Uses of radiation dating
Animals and plants have a known proportion of Carbon-14 (a radioisotope of Carbon) in their tissues.
When they die they stop taking Carbon in, then the amount of Carbon-14 goes down at a known rate (Carbon-14 has a half-life of 5700 years).
The amount of carbon-14 in the atmosphere has not changed in thousands of years.
Even though it decays into nitrogen, new carbon-14 is always being formed when cosmic rays hit atoms high in the atmosphere.
When it decays it forms thorium-234 which is also unstable.
Finally, after a series of radioactive isotopes are formed it becomes lead-206, which is stable.
The age of the ancient organic materials can be found by measuring the amount of Carbon-14 that is left.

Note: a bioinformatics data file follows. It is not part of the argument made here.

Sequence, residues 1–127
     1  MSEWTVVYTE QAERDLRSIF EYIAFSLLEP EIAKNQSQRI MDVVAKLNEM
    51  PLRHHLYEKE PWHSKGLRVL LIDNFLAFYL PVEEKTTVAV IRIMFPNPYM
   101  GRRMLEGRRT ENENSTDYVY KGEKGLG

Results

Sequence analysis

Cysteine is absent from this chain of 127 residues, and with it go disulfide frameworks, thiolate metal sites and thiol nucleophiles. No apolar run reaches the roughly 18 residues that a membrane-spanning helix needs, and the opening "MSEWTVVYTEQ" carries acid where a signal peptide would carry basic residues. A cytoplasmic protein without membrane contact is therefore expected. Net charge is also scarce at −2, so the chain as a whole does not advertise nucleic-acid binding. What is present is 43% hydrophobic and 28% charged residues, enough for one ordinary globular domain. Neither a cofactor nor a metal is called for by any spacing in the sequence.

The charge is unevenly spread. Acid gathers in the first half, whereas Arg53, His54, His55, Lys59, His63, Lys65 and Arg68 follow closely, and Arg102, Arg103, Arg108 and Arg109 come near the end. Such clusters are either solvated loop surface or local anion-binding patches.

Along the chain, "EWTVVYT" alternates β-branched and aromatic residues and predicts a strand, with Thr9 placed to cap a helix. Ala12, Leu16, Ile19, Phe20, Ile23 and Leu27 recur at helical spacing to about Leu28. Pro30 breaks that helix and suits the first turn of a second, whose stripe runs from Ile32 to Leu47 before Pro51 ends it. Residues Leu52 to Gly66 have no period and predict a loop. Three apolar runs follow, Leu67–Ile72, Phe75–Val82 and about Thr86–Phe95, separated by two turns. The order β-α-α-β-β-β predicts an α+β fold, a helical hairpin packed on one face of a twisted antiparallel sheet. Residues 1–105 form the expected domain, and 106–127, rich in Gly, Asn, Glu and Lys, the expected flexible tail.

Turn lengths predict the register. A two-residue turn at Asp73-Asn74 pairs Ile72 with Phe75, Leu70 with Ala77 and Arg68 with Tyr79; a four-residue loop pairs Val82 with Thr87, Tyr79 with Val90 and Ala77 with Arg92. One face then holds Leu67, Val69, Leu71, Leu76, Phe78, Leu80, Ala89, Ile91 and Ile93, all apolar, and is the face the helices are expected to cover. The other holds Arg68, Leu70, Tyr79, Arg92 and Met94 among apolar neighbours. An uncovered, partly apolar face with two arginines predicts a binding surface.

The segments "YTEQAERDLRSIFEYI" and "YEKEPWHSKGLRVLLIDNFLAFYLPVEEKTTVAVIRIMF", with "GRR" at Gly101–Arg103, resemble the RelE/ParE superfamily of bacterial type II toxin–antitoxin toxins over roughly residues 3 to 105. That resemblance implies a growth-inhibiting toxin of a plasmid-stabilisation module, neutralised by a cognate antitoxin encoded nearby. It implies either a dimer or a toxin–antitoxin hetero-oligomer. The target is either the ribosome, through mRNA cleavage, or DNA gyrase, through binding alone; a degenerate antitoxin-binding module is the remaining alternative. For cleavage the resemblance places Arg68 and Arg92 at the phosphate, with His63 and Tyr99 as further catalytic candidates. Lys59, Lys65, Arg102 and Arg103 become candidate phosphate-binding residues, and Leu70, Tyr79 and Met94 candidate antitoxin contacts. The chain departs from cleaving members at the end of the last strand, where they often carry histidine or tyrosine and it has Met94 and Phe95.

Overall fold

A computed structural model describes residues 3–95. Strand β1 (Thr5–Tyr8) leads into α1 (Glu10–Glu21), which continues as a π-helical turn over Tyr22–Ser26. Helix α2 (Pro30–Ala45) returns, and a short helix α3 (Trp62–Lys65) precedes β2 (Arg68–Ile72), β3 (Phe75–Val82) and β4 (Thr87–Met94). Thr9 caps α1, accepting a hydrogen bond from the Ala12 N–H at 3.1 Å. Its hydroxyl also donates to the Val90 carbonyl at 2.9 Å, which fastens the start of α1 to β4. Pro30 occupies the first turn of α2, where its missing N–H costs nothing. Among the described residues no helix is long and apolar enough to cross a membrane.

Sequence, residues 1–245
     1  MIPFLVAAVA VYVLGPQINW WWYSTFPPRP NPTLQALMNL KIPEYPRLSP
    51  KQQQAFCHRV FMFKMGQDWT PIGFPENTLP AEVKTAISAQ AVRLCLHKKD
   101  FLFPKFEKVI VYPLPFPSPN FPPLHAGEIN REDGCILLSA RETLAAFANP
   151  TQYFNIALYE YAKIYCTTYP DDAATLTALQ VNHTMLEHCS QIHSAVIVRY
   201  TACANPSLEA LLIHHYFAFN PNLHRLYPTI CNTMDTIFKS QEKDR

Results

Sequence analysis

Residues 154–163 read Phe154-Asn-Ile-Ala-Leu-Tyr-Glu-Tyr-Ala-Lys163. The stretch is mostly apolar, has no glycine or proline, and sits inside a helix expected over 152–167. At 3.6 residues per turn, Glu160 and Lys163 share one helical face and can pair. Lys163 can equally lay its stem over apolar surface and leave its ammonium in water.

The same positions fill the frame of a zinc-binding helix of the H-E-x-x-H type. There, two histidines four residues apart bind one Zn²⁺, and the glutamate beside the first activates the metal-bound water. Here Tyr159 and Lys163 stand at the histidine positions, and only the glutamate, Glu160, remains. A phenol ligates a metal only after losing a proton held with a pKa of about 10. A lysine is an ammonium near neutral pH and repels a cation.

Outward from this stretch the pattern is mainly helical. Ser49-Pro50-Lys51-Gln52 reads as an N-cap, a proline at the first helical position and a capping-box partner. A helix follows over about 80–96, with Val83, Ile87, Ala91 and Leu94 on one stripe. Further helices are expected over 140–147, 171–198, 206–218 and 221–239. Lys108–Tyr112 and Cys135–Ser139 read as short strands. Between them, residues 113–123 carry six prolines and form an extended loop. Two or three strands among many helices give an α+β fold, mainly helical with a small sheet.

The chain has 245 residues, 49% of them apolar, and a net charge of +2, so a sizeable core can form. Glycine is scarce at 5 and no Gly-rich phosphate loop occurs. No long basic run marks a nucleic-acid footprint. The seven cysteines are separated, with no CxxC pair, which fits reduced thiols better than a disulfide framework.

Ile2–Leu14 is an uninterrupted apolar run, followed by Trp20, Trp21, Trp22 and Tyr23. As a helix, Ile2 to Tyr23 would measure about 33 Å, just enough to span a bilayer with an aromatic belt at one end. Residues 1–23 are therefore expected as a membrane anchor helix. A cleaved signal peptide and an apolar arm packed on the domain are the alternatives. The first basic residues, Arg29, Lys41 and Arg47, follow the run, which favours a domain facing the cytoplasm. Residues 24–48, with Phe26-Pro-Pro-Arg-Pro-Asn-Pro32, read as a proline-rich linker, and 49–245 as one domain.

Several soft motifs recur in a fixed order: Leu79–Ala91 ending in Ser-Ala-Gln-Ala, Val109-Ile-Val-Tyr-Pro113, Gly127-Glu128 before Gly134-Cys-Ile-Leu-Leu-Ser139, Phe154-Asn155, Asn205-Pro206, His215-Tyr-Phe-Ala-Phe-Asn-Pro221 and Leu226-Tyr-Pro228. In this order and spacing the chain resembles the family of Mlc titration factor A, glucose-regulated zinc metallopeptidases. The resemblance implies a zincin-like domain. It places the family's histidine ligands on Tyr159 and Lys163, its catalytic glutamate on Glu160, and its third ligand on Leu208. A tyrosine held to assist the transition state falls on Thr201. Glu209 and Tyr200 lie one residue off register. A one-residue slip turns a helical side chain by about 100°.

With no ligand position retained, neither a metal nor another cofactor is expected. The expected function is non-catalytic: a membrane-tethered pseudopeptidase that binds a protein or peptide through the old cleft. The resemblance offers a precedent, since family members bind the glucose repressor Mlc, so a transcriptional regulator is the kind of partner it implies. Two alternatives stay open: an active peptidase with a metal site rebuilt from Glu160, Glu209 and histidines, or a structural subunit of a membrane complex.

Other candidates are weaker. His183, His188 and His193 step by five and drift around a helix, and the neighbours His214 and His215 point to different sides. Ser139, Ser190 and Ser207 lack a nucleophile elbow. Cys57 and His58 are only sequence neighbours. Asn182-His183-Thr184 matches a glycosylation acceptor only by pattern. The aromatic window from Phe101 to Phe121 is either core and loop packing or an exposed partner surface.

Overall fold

The most common tracer is called Technetium-99 and is very safe because it only emits gamma rays and doesn't cause much ionisation.
The method was developed by Willard Libby in the late 1940s and soon became a standard tool for archaeologists.The idea behind radiocarbon dating is straightforward, but years of work were required to develop the technique to the point where accurate dates could be obtained.Research has been ongoing since the 1960s to determine what the proportion of in the atmosphere has been over the past fifty thousand years.Some cancers are easier to treat with radiotherapy than others - it's not too difficult to aim gamma rays at a breast tumour, but for lung cancer it's much harder to avoid damaging healthy cells.Also, lungs are more easily damaged by gamma rays, therefore other treatments may be used.
Libby received the Nobel Prize in Chemistry for his work in 1960.